Public Policy Planning & Consulting Co. (SEISAKU-KOUBOU) is a public policy consulting firm based in Tokyo, covering broad policy areas such as economic policy, fiscal policy, regulatory policy, administrative reform, international trade and investment, etc.
PPPC provides consulting and briefing services to the clients in the central/local governments, Diet, local assemblies and the private sector.

This blog is aimed at providing general information, latest updates and some of our analytical reports about Japan's public policy in English.
The contents include;
- updates on some important government councils, especially those in which our executive officers serve as the members,
- weekly reports on latest news in Nagata-cho, the political center in Japan, (partially).
- analytical reports and articles by our members and distinguished experts outside the firm,(partially).


I will give up on Japan unless the government designates us as National Special Strategic Zone!

*This is a translation of an article published on the website of Tokyo Press Club.

Toward selection of the National Strategic Special Zones scheduled in March, hearings of candidate municipalities for the final selection have been held since last week. Although the hearings are not opened in public, stakeout activities at the door of meeting place would provide us of many hints of surprising alliance or “unique tag-team” formed at this final stage.

One exceptional case was that a famous “fighting farmer” Mr. Shigeaki Okamoto, CEO of Shinsengumi Co., showed up from the meeting place even though the hearings should be targeting at local governments. Moreover, Mr. Okamoto was accompanying the mayor of Yabu City, located in northern part of Hyogo Prefecture, not his hometown Aichi, and Tottori University Professor Nagaharu Mitsuta.
(February 17 18:25 at the door of Nagata-cho Joint Bldg.)

Interview at the door of Nagata-cho Joint Nldg.

Excerpts of the interview:

Okamoto: 60% of Japan’s agriculture is in a similar situation with Yabu City (in which it is difficult to conduct large-scale agricultural management). And, Mayor Hirose of Yabu City is announcing that he will abolish regulations with regard to agriculture with his own initiative. No such courageous mayor can be found throughout the country.

Mitsuta: (Mayor Hirose) may change the history.

Okamoto: it is difficult to initiate such a proposition as there are pressures from everywhere. The officials of my hometown have deaf ears on such proposals, too. That’s why I will give my every effort to Yabu City. If it passes the selection it will make a good model case that can be applied everywhere in this country. The current state is that we cannot even make a start because of the regulations.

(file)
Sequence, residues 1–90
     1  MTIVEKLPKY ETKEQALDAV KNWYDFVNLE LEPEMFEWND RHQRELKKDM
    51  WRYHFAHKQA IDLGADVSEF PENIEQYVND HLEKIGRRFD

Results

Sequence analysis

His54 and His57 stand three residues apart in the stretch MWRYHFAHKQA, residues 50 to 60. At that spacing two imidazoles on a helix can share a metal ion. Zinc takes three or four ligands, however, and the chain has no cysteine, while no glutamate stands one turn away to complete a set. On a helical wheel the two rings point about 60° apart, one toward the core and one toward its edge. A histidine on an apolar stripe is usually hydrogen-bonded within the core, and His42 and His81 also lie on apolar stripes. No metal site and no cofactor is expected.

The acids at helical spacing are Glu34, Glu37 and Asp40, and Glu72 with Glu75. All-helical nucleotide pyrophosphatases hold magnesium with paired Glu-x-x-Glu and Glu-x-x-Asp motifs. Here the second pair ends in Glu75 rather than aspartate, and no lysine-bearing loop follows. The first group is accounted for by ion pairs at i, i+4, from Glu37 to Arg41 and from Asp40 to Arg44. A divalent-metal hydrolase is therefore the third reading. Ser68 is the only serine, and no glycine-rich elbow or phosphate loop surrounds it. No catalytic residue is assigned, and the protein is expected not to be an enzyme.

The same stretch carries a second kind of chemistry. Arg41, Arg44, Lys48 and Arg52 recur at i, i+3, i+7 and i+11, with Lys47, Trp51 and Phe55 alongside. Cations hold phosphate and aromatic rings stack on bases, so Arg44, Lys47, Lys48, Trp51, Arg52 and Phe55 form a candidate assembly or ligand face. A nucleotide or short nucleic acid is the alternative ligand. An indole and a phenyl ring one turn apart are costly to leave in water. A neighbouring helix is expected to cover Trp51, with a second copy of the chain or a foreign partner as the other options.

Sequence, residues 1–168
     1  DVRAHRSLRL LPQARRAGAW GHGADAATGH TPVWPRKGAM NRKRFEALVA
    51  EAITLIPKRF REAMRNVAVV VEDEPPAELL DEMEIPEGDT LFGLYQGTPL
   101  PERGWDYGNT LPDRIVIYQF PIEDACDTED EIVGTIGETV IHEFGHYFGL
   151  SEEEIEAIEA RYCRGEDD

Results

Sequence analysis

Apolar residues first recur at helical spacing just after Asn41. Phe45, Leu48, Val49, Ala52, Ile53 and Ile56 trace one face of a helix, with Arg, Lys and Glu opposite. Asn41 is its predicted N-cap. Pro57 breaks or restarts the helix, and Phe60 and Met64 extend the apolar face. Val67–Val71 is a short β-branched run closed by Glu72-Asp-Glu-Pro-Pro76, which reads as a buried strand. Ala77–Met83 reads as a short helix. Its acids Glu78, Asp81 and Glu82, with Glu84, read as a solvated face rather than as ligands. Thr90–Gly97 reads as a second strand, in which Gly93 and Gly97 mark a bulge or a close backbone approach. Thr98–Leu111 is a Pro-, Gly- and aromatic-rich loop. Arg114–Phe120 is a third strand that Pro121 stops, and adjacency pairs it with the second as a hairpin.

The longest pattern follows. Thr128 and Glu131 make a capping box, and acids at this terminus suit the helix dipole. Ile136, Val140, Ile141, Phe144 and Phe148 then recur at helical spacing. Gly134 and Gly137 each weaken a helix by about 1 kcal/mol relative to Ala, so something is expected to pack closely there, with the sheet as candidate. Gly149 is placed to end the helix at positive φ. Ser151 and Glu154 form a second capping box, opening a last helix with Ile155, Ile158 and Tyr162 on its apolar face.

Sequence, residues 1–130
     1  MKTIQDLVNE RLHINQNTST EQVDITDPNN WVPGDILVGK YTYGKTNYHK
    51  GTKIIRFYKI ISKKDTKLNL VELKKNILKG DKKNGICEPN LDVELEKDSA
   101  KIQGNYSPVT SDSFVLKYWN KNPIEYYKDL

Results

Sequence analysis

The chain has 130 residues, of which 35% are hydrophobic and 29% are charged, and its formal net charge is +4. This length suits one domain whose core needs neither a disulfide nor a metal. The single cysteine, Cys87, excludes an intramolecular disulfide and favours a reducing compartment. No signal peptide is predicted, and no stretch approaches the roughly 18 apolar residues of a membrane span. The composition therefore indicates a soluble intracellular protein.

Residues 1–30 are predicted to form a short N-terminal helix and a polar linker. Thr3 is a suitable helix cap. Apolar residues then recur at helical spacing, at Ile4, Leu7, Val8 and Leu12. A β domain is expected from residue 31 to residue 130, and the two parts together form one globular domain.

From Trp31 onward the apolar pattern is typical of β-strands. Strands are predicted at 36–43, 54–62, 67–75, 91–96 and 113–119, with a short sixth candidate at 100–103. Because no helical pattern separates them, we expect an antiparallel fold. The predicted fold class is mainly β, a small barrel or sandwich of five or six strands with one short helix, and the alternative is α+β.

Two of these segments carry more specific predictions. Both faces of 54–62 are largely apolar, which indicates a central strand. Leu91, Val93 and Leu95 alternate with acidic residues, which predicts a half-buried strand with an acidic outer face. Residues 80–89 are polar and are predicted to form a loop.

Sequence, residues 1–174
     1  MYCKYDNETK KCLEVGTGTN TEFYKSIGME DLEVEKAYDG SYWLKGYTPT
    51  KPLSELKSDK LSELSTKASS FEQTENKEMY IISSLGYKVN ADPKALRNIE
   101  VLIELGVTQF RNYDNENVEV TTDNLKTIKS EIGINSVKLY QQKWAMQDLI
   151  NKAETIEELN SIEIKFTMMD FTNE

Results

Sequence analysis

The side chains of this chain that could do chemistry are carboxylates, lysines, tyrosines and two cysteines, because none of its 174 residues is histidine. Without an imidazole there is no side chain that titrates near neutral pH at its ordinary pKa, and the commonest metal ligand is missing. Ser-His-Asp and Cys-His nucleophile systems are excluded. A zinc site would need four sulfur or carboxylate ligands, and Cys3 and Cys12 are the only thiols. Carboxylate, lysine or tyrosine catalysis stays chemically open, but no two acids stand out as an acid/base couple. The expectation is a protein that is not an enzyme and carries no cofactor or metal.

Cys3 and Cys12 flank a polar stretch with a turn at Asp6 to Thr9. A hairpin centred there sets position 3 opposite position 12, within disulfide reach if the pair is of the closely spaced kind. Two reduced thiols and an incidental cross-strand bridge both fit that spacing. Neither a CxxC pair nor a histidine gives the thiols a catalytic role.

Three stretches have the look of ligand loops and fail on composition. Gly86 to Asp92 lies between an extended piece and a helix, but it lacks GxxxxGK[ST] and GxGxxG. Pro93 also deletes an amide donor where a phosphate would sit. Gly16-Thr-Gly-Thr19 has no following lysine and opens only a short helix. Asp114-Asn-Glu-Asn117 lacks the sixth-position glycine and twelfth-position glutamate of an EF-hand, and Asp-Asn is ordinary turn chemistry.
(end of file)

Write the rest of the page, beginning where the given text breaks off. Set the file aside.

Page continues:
Okamoto: The officials of my hometown are no more than that. But the Mayor of Yabu City made a big decision. This is really it (shaking hands)! I finally met a mayor with whom I could share my view!


Okamoto: If it doesn’t pass (selection of the National Strategic Special Zones) and the government states it will only be applied in low-cost, large-scale agricultural areas, let me speak frankly, I will give up on this country!
I would like to protect Japan. I would like to develop this country. Although I have repeatedly spoken as slogan that potatoes made by nameless grandmothers will make dollars, there will be no hope or dream of this country’s agricultural policy if the idea is to be applied to imaginary, large-scale agriculture alone. It will inevitably meet with failure, fin... Let me speak once again, small-sized municipalities like Yabu City do deserve being qualified (as National Strategic Special Zones)!

Mayor Hirose: What the government is standing for is people living in the areas and legislative frameworks should be meant to let people have prosperous lives and to stimulate economic vitalization. It is all peculiar that the government designs uniform frameworks and say “you cannot do it”. All we are saying is please let us give operation of the legal framework in the best suitable way for Yabu City. And if the central government says no to such a proposition, we cannot stop worrying about future of the country’s agriculture. What will happen to local areas and the whole country? I feel depressed when I think of such possibilities.

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